In the past years I have been speaking at a variety of events, meetups and conferences, but for a JavaScript focused developer there’s only one mother of all conferences: JSConf.us. Originally started in 2009, a time before node.js was released, and where jQuery was the hottest library; it has grown to be the de-facto conference for everyone in the JS world, with sister conferences all over the world. In 2014 I already had the wonderful opportunity to speak at JSConf EU (video) and JSConf.Asia (video), and this year I was invited to complete the trio and speak at the 2015 edition of JSConf.us in Amelia Island, Florida!

For me, conferences are not so much about the talks, but rather about the people you meet, and the conversations you have. It’s been great meeting so many inspiring people (and old friends) from the JS community in such a small area. JSConf felt also very focused on embracing this very aspect. The presentations were not planned back to back, but rather with a 15 minute pause between them, and there were round tables for the audience instead of a theater layout. This naturally makes people communicate with one another. Besides that the program offered plenty of time to hang out with your fellow attendees, either near the conference center, or at the pool or beach. It’s still a conference in Florida!


Another great aspect was that it was a three day conference with talks on day 1 and 3 (JSConf EU is also going to embrace this this year), leaving day 2 open for workshops; hacking; or exploring Amelia Island. As a nerd pur sang who lately started to enjoy hacking on hardware a perfect opportunity to start working on NodeRockets! Partnering up with fellow speaker Jacob Roufa we had the hardware part of our rocket up and running quickly, only to crash our rocket into pieces end of the day. We crashed it so hard that even the SD Card broke :-)

We had a camera mounted to the rocket making a video of the launch. Unfortunately it saved to the (now dead) SD card…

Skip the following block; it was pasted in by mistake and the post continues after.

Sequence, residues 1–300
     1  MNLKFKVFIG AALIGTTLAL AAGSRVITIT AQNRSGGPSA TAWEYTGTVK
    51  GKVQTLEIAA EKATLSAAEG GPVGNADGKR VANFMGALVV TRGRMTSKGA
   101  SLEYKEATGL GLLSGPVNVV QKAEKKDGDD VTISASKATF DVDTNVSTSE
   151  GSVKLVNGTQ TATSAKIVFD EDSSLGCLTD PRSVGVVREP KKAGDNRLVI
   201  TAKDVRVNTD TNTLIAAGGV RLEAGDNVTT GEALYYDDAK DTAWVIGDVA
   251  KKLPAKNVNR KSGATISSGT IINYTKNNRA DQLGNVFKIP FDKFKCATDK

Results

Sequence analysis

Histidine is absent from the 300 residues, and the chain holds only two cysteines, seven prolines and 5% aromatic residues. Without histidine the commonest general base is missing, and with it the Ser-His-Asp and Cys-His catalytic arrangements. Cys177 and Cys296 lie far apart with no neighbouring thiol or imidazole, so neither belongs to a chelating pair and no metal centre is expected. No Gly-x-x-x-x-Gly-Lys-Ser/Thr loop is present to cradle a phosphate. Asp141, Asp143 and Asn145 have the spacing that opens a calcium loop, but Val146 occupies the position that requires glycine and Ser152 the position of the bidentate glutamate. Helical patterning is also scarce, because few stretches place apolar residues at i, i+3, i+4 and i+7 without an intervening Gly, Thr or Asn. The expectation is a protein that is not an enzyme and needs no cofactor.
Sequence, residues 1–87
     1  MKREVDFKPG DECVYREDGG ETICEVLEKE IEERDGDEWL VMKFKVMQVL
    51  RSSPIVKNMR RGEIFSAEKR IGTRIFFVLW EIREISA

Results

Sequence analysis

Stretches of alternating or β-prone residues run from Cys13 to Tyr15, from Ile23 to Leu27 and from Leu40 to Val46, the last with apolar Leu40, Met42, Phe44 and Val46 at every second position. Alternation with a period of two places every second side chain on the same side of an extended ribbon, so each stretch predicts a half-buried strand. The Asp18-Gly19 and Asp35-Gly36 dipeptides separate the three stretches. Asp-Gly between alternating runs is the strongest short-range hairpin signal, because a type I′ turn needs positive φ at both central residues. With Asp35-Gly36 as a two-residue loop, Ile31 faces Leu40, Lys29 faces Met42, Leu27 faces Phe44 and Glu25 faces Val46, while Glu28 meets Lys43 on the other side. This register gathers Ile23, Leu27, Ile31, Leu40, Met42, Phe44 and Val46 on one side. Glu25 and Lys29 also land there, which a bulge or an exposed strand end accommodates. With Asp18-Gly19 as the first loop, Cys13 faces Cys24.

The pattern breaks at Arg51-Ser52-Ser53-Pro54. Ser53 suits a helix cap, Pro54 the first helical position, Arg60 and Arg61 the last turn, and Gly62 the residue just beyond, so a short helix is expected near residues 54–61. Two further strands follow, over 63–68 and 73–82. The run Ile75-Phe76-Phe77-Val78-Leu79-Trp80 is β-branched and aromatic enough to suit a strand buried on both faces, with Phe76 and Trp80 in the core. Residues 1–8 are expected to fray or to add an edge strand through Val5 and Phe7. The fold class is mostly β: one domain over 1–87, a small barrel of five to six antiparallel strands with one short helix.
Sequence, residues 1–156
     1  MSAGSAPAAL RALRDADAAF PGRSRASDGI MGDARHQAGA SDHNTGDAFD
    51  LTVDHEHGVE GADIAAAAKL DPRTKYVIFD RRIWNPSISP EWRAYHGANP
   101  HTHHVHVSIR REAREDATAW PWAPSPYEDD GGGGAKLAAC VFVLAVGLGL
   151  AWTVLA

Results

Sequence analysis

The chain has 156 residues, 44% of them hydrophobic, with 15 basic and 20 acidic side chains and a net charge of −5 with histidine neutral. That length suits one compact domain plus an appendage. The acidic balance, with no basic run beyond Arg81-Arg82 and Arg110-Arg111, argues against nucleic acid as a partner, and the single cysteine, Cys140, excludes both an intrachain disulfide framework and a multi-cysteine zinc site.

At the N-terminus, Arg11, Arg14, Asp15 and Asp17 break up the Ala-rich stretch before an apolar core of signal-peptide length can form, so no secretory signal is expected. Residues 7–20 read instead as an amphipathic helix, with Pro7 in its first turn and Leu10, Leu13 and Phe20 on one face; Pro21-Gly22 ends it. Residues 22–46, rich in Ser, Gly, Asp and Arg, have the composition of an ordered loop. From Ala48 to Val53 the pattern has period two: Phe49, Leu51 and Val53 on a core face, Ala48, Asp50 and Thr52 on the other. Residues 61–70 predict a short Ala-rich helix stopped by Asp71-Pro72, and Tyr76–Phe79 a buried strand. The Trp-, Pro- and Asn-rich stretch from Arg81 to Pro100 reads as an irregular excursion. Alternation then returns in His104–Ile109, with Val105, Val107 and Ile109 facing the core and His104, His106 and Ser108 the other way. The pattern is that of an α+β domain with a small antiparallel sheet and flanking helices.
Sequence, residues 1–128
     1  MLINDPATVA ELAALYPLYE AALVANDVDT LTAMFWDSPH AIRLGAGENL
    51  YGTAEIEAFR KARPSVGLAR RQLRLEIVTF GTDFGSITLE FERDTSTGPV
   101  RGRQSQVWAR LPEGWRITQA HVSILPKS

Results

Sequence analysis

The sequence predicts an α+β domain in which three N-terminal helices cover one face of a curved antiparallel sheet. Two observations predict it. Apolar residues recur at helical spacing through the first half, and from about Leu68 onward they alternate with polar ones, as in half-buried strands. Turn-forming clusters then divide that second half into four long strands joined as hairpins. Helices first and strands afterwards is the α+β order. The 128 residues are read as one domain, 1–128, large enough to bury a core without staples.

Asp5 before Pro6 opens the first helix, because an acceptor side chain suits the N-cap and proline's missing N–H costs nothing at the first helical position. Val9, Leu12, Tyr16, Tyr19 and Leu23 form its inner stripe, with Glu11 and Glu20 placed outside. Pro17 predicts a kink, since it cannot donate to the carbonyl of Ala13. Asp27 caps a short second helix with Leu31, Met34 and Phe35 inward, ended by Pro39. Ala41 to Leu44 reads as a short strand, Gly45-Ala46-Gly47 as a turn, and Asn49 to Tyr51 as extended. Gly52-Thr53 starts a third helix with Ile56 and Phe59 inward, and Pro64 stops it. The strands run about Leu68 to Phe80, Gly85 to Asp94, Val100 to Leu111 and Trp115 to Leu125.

Luckily that night BitHound threw a party, so I didn’t have to think about the crashed rocket.

Great stuff I’ve seen

Let’s not forget that there were actual talks too! Here’s some of the great stuff I have seen in the past few days that is close to my own interest: bridging real life and JS. Catch them whenever the video is online!

  • (math == art && art == code), John Brown - I love generated art that is powered by code!
  • Knitting for JavaScripters, Mariko Kosaka - Interpreting knitting patterns as a DSL and then using it to program a knitting machine, oh yeah!
  • Building a musical instrument with the Web Audio API, Steve Kinney - Music is art, and as said, I love generated art powered by code!
  • Maintaining a local dev meetup, Jacob Roufa - How to get and keep people in your local meetups. The guy built a rocket with me, how can he not be in this list?!

To be honest, the overall talk quality was fantastic. Go watch all the videos when they’re out!

My talk

During my work in Telenor Digital I’m currently focused on Internet of Things as part of the Strategic Engineering team, and we’re thinking how to bridge the real world with IT. Given my constant need to create new and insane demo’s it was a logical choice as a talk subject. Hence the description:

JavaScript is everywhere, but too often it’s locked in computers and phones. We need to bridge the gap between the physical world and your computer… It’s time to alter the world around us with JavaScript! In previous JSConf talks Jan Jongboom ripped mainboards out of phones; abused sensors; and juggled devices, but this session is going to be harder, deeper, higher and more crazy! How about procedural music generated by the sensor data of all members of the audience? Using bluetooth beacons to find out if the person next to you is worth talking to? Hardware hacking your Firefox OS phone to add more sensors? Geofencing your newborn with a phone mainboard? And all of that… with JavaScript! Loaded with demo’s this talk will forever change the way you think about JavaScript in the real world. LET’S DO THIS!

For demo’s I settled on generating music with Gibber, a library to create algoraves, events where people dance on computer generated music. Instead of static code, the input parameters for the algorithm would come from phone sensors in the audience. Second, I’d use some BLE beacons and some triangulation magic (as you can see from my design notes math can be though). Then close it off with the introduction of Mozilla’s first wearable, a device that will forever augment your reality: Mozilla Glass (this is the UI).

Mozilla Glass. As Mozillian @naveedi said on Twitter: ‘Built from duct tape and dreams’.

Expectations were high, as I was the last speaker of the whole conference, and with track B already closed (I might also have made everyone very enthusiastic by jumping up and down during the party’s the nights before):

Although ambitious demo’s not always work out for the best (those damn beacons) both the audience and me had a great laugh and I think I’ve showed some amazing stuff that is possible with JavaScript today. Later that night I had some great conversations (and played ‘keep the beach ball in the air while in the pool counting how many touches in binary’) with other attendants, and very much looking forward to the presentation video. For now you’ll have to do with code and slides:

Altering the real world with JavaScript - JSConf.US 2015 from Jan Jongboom


FYI, if you’re near Munich, June 12 I’ll be speaking at DAHO.AM. There are still tickets available!

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